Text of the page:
Moving further away still; from the supra (or cosmic) level, Earth is like a giant mirror, only reflecting cosmic events in a condensed manner. The proverbial ‘as above so below’ is in fact taking place, only the movements of cosmic gases, planets and galaxies, which happen in million light years and have enough ‘space’ to unfold, on Earth are reflected ‘immediately’ and can be experienced as conflicts, crises, earthquakes etc. If we do not look at our personal and collective life events within the context of the cosmic cycle we are currently (or at any given time) in, we will fail to recognise our significance and role in the said events and therefore not utilise them correctly.
Last but not least, personally, I would refrain from generalising and assessing wealth, well being and happiness of any society by its capacity to consume, but rather by its basic values and what they represent for the wider global community. There are plenty of money makers who understood what an all consuming yet fragmented experience it is and chose differently (bus motorhome, or extreme green). Equally, there are millionaires who, through their realised wealth realise planetary wisdom (Paul Lister). Is the land ownership entirely ‘bad’ if it is utilised to promote progressive action? Couldn’t we, instead of opposing, embrace what the land owners had taught us and take the learning to another level? I believe many governments would benefit from exploring mindsets of such millionaires and focus on long-term and progressive rather than economic policy.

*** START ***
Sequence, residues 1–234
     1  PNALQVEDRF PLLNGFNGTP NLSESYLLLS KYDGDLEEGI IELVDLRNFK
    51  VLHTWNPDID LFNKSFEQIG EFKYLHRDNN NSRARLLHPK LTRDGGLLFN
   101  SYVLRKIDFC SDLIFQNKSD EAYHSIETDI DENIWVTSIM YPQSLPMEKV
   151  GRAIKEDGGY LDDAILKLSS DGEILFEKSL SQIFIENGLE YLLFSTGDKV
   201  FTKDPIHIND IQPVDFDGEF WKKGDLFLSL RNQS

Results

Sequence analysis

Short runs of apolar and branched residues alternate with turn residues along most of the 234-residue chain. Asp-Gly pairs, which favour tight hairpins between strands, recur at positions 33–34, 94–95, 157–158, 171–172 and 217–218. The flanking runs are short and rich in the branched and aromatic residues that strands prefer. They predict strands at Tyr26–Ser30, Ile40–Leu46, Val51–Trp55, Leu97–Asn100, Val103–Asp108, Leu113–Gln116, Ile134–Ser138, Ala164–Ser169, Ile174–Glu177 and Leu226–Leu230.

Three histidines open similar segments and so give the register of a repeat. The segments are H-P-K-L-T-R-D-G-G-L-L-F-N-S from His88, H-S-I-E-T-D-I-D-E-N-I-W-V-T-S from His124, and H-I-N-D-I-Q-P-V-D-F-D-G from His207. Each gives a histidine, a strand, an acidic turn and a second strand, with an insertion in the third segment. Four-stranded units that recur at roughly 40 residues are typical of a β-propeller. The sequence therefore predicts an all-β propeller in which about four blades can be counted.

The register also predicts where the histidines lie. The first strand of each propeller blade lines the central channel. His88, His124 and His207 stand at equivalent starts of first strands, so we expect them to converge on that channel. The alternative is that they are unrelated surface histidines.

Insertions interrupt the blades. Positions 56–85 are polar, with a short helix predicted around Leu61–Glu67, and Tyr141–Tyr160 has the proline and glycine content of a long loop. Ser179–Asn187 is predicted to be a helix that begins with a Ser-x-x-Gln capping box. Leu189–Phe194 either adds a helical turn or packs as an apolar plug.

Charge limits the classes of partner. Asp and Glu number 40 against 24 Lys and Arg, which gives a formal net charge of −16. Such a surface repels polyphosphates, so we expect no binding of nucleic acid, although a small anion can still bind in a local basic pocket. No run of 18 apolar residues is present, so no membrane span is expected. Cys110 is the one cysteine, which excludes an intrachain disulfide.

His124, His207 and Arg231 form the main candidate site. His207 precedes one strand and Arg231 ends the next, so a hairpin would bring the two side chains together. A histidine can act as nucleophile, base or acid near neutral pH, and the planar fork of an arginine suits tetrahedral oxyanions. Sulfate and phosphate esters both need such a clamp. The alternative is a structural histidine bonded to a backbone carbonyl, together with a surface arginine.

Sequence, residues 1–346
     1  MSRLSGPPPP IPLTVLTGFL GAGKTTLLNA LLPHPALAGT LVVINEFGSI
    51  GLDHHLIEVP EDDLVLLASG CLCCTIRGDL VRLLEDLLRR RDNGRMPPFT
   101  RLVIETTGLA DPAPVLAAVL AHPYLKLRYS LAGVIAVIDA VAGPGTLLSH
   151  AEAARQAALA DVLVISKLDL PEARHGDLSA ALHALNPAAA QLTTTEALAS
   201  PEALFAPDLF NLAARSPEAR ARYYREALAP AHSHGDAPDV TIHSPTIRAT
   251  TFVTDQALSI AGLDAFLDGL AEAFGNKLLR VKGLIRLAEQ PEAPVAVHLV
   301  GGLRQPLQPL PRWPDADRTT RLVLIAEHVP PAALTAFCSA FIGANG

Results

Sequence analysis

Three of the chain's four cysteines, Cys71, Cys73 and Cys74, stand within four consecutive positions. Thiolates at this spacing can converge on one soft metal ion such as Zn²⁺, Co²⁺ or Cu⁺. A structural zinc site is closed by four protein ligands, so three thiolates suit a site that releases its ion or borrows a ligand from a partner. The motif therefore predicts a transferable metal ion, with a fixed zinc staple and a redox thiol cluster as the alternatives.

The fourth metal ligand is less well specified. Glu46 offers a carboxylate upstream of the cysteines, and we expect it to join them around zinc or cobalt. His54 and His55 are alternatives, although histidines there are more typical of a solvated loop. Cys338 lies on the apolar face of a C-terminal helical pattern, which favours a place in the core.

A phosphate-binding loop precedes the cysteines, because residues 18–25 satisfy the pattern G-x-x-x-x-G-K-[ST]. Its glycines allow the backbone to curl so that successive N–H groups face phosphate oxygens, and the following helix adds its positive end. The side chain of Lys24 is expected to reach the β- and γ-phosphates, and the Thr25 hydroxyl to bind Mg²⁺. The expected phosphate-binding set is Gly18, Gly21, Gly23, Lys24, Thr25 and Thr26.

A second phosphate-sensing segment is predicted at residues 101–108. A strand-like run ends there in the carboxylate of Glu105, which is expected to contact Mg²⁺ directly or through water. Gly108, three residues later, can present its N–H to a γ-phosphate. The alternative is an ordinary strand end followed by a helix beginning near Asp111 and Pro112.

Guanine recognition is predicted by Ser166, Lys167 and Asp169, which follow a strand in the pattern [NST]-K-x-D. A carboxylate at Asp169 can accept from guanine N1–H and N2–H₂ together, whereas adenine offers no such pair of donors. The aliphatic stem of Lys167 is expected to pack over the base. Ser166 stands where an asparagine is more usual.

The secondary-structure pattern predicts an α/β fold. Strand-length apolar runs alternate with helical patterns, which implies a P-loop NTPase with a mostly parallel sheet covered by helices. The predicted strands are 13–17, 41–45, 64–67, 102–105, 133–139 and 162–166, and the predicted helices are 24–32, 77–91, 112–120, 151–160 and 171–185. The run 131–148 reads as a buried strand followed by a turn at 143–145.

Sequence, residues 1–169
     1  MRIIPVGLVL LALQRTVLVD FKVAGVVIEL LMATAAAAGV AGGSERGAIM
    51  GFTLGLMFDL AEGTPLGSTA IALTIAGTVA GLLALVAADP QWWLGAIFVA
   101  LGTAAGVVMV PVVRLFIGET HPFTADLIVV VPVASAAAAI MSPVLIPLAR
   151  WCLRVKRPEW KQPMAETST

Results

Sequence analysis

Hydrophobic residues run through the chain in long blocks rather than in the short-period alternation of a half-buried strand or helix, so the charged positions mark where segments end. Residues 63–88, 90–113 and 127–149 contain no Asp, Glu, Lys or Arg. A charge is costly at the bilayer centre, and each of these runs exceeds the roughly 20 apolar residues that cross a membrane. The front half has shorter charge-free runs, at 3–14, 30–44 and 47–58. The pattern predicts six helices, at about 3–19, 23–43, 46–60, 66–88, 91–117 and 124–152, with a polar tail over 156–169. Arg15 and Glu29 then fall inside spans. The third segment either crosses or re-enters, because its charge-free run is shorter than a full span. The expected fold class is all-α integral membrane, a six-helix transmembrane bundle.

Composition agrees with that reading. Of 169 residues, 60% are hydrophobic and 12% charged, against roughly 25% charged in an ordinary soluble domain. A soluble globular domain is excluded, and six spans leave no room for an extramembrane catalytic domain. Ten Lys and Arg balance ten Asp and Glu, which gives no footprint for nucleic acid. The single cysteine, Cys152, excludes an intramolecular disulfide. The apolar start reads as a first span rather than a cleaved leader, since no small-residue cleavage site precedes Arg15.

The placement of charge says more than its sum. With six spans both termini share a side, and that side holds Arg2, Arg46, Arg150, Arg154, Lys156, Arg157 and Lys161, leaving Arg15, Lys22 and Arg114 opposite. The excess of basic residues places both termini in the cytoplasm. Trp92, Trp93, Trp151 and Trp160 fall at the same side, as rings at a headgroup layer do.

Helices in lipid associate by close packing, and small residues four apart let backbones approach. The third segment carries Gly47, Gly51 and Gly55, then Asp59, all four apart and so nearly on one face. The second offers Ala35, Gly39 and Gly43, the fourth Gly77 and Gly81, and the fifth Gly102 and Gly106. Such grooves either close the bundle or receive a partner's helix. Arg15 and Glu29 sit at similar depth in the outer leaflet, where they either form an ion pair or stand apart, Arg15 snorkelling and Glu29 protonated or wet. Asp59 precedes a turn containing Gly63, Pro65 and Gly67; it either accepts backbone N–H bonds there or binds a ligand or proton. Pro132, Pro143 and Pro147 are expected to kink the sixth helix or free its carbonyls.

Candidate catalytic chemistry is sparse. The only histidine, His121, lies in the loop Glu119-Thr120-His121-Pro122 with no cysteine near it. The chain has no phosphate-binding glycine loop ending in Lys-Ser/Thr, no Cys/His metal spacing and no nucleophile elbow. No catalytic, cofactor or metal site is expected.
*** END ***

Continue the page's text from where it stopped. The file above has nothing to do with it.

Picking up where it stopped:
Expansion and/or food for thought:
“The price of inequality” by Joseph Stiglitz
We are better off in peace. In depth analysis of economic outcomes for Israel and Palestine, should they choose peace.
The Fifth Part of “Ethics” by Benedict Spinoza
Related posts: Hierarchy, 25 Jan 2015